By Dale Singer
St. Louis is backing charter school parents in a legal dispute over how money from a 1999 city sales tax is distributed.
St. Louis officials argue that the money from the sales tax was designed to help all students attending public schools in the city, not just those in district schools.
The St. Louis Public Schools and the NAACP, which filed the lawsuit, say the money should go only to the school district, not to charters, and they want to recover more than $50 million that has gone to the charters since 2006.
The city of St. Louis is echoing the charters' original response that the money was meant to help all public school students who live in the city. The charters say that, if they have to repay the money, they might be forced to close.
In a brief filed with the 8th U.S. Circuit Court of Appeals, the city asked that the parents of two charter school students be allowed to enter the case. Their request had been denied by U.S. District Judge Henry Autrey in July.
The city’s brief says the parents definitely should be allowed to be a party to the case.
“Appellants are threatened with direct loss of educational funding for their children in the city of St. Louis who attend charter public schools,” the brief says.
“This injury is threatened and real. Since 1999, thousands of city public school students have made a choice, rejecting traditional public schools and enrolling as a quality educational alternative in charter public schools.”
The city's brief goes further, making the case that the money raised by the sales tax is supposed to help students in both district schools and charter schools. It cites language from U.S. District Judge Stephen Limbaugh Sr., who signed off on the 1999 settlement agreement in the long-standing school desegregation case.
It also discusses the intent of the legislation, SB781, that put the settlement in motion.
“Judge Limbaugh uses the terms ‘public schools’ and ‘city schools’ interchangeably throughout his order, as is appropriate,” the brief says. “Simply, charter public schools were intended to be among the entirety of public schools that were to directly benefit from the settlement agreement.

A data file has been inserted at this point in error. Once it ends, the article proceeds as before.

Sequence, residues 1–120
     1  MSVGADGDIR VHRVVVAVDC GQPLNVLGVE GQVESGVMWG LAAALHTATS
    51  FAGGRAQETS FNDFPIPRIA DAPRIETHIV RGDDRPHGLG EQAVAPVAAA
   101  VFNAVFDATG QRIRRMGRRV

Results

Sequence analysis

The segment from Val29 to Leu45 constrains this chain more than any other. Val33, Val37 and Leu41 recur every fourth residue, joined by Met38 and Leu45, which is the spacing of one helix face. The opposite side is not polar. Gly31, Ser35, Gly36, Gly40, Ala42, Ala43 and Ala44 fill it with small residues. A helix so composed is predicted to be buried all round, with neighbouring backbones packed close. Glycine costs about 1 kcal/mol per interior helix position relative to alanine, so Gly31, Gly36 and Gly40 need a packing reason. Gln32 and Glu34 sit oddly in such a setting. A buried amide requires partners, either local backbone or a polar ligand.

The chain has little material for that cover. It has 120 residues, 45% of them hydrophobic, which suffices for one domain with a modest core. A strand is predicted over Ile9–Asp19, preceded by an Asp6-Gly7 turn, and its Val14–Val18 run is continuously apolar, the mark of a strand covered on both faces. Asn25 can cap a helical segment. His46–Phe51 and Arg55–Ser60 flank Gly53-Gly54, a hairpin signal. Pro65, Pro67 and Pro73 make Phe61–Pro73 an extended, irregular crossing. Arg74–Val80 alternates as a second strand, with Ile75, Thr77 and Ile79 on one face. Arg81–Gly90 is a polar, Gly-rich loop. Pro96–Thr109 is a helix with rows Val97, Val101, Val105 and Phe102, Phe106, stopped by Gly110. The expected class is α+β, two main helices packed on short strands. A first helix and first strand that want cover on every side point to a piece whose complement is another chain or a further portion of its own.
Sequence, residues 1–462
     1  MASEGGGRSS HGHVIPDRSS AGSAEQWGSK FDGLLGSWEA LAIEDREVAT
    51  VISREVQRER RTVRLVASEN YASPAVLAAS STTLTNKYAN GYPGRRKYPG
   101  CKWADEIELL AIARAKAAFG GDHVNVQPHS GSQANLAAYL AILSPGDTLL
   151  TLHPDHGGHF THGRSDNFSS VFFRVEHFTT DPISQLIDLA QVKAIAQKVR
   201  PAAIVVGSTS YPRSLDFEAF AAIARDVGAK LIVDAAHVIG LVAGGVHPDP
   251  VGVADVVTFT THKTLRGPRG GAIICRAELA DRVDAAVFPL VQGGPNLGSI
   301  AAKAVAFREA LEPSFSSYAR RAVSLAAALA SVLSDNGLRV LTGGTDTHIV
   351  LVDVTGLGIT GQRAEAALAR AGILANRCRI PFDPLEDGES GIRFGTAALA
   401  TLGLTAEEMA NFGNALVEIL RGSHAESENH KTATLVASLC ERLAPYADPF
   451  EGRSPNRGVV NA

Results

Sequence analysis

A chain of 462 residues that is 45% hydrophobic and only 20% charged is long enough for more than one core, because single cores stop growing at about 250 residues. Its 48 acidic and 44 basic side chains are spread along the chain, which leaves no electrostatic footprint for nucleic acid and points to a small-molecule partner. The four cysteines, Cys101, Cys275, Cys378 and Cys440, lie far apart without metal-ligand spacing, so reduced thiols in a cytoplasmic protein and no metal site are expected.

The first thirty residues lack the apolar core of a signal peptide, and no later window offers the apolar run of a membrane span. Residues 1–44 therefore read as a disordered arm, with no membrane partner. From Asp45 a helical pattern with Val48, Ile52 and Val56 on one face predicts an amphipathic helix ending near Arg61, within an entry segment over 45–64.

“It goes without saying that the needs of city children who attend charter public schools are identical to the needs of those children who are educated in non-charter public schools in the district.”
To bolster its argument, the city quotes from the sales tax proposition that won overwhelming voter approval in 1999.
“The language of the first paragraph presented to these voters asked them to improve a sales tax increase ‘for purposes of improving the primary and secondary educational opportunities for the residents of St. Louis,’” the brief says.
“Is it a fair reading to conclude that voters would understand this language to mean that the sales tax increase was for ‘improving’ of ‘educational opportunities’ that included the 1998 charter public schools authorized by SB781? Of course it is.”
Though the vote came before charter schools were well established in the city, the brief said the intent of the vote was clear.
'Since 1999, thousands of city public school students have made a choice, rejecting traditional public schools and enrolling as a quality educational alternative in charter public schools.' -- Brief from city of St. Louis
“Further,” the brief says, “were one to ask the city of St. Louis voters what they believed they were actually voting in favor of funding that day, one would not expect the answer to be ‘funding only for the traditional public school system as it has always existed.’ To the contrary, the ballot language clearly speaks to new funding for improving educational opportunities, not simply further funding for the status quo.
“Certainly, these same voters would indicate they were not voting for a windfall to the existing school administration, or for the additional funding to go to only a certain portion of public school students. The plain language did not exclude public school students of the new charter public schools and voters could not and would not have deduced these public school students to be so excluded.”
The brief concludes that the students in charter schools are there because they chose not to attend district schools, so taking the tax receipts away from their schools “would generate a windfall for the district and strip educational funding from charter public school students, which the funds were intended to include. To do so would effectively shutter the charter public schools by depriving them of the voted-upon city of St. Louis tax money.
“Naturally, this would diminish the quality of educational opportunities for these public school children and ignore the legislative intent of SB781.”
Along with the brief filed by the city, the parents’ effort to be allowed to take part in the case was also backed by a brief from the Confluence charter schools. The children of one of the parents, Ken Ross Jr., attend Confluence schools.
Barring Ross from joining the case, the brief says, would run counter to the aims of the desegregation lawsuit in general, which is providing wider education opportunities to African-American students. That opportunity has come in recent years, the brief says, as enrollment in St. Louis Public Schools has dropped and enrollment in charter schools has increased.
“In light of continuing enrollment trends that make adequate funding of St. Louis charter public schools critical to the quality of education being provided to the families residing in the city of St. Louis,” the brief says, “this court should reject the district court’s conclusion that these families do not have standing to intervene.”
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